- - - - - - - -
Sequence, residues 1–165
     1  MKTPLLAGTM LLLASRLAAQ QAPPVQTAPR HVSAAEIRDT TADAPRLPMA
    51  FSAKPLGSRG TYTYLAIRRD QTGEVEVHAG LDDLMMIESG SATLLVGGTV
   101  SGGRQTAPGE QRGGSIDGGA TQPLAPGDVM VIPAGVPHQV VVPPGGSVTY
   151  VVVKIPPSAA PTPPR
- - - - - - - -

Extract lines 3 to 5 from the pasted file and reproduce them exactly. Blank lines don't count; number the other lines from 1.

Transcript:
    51  FSAKPLGSRG TYTYLAIRRD QTGEVEVHAG LDDLMMIESG SATLLVGGTV
   101  SGGRQTAPGE QRGGSIDGGA TQPLAPGDVM VIPAGVPHQV VVPPGGSVTY
   151  VVVKIPPSAA PTPPR